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Last Post by RobertHDD
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Hello,

If your struggling to install XP as in it isn't trying to boot from CD you will have to select the CD/DVD drive as the boot device or set the CD/DVD drive before the HDD in the boot order within the BIOS.

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when running it from usb this error occurred.
A read write error occurred press Cntrl-Alt-Delete
on running it within 7 the installation button is greyed out so i cant click it

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Hello,

Maybe something is wrong with the USB drive or HDD, I've only installed a fresh install of XP from the CD perhaps try using the CD instead.

Is there a reason your going back to XP?

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Yeah there is a reason im going back and its because i dont like the new operating systems
I managed to get to installation screen went black then said remove all media and try again. Weird Ive got it on USB and everything is removed

Edited by RobertHDD

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Hello,

If I remember correctly XP was one of the OS's that Microsoft hard coded to install from Floppy or CD/DVD only but there are ways around it. I ran into issues when trying to add a XP installation to the PXE Boot server I setup for OS installations when working for a Managed Hosting Provider. You will loose all of the data on the primary drive when you go back to XP from 7. What I have found is that you need to backup all of your data, delete that current partitions on the HD and recreate a single NTFS partition for XP to use as C: then try installing again. Here is a link I used to go over figure out how to get some of it working and has a good discussion.

http://www.poweriso.com/tutorials/how-to-make-winxp-bootable-usb-drive.htm

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It is not necessary to delete all of the partitions on the drive. I always recommend two partitions, C for the OS and apps, and D for user files (I make them both Primary). If you already have this setup then you need to reformat only the C partition - after backing up any files from C that you might want to save.

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Jim is almost correct but he is not taking into acount that Windows 7 creates a boot partition that is 100MB and is at the beginning of the drive. If you don't delete it then you would get symptoms close to what you are seeing as the system initally boots windows 7 from the 100 MB partition then attempts to move to the c: drive to continue the boot.

However he is correct that you don't have to delete all partitions and you can create separate OS and data partitions and it is a good idea.

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Bit risky though if i delete partitions then i wont be able to boot from anything if installation fails which in case cause bad BSODs Thats why I got a USB in handy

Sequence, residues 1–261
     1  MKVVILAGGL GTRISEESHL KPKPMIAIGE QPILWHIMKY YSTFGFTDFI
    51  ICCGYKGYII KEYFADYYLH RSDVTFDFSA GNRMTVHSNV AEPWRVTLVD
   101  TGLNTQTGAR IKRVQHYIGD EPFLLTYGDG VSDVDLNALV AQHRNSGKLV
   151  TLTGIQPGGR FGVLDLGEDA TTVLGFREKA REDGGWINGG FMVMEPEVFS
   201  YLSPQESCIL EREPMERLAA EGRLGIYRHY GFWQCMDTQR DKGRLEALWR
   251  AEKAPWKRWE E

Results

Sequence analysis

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Windows 7 creates a boot partition that is 100MB and is at the beginning of the drive.

Not on the four machines that I've installed it on. My current laptop came from Dell with three partitions. I resized C and made D. The first partition is Dell Diagnostics. The second is the Recovery partition.

clip-0001.jpg

The machines I set up from scratch (from Windows 7 install CD/USB) have only C and D. Since I built recovery disks from the Recovery partition I could always delete the first two partitions but I don't need the space so I'm leaving them as they are (at least until the warranty runs out).

Edited by Reverend Jim

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Yea Dell does that and includes the recovery disk ISO in the partition so they don't have to provide DVD's. HP does almost the same thing. However if you install Ultimate or Professional from the DVD or via RIS you get something like this:

1-18-2015_1-14-44_PM.png

If you notice on both your snapshot and mine the active partition is not C: but the Recovery Partition on yours and the System reserved on mine. The system boots from the active partition and then in Windows 7 they switch you over to the c: drive afterward.

But the issue Robert discusses is that he wants to go back to Windows XP from Windows 7 and it is not supported by Microsoft. They require that to upgrade from XP to 7 you have to install Vista first then upgrade Vista to 7. I know this because I have two clients that wanted to go to 7 from XP without backing up or using the Files And Settings Transfer Wizard (A doctor and a Lawyer). If Robert does not address the current active partition and either remove the Boot or recovery partition or make it no longer the active partition the system will attempt to boot from it.

I guess what we really need to know Robert is did this computer have XP on it originally? If so what did you do to get to 7? Microsoft allows you to upgrade one version at a time and provided you keep the files for downgrading you can go back to where you were (about 60% of the time). But once you upgrade a second time the chances of you going back two Versions is slim to none.

Another thing to consider is that Windows 7 does have an option for running specific applications in Windows XP compatibility mode but is controlled on a program by program basis.

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I did not try that and no it didnt have XP installed originally where i got my copy of 7 was from microsoft its ok though i tried everything so I just stick with 7 i did manage to go back to vista on my laptop and 7 on my desktop

Edited by RobertHDD

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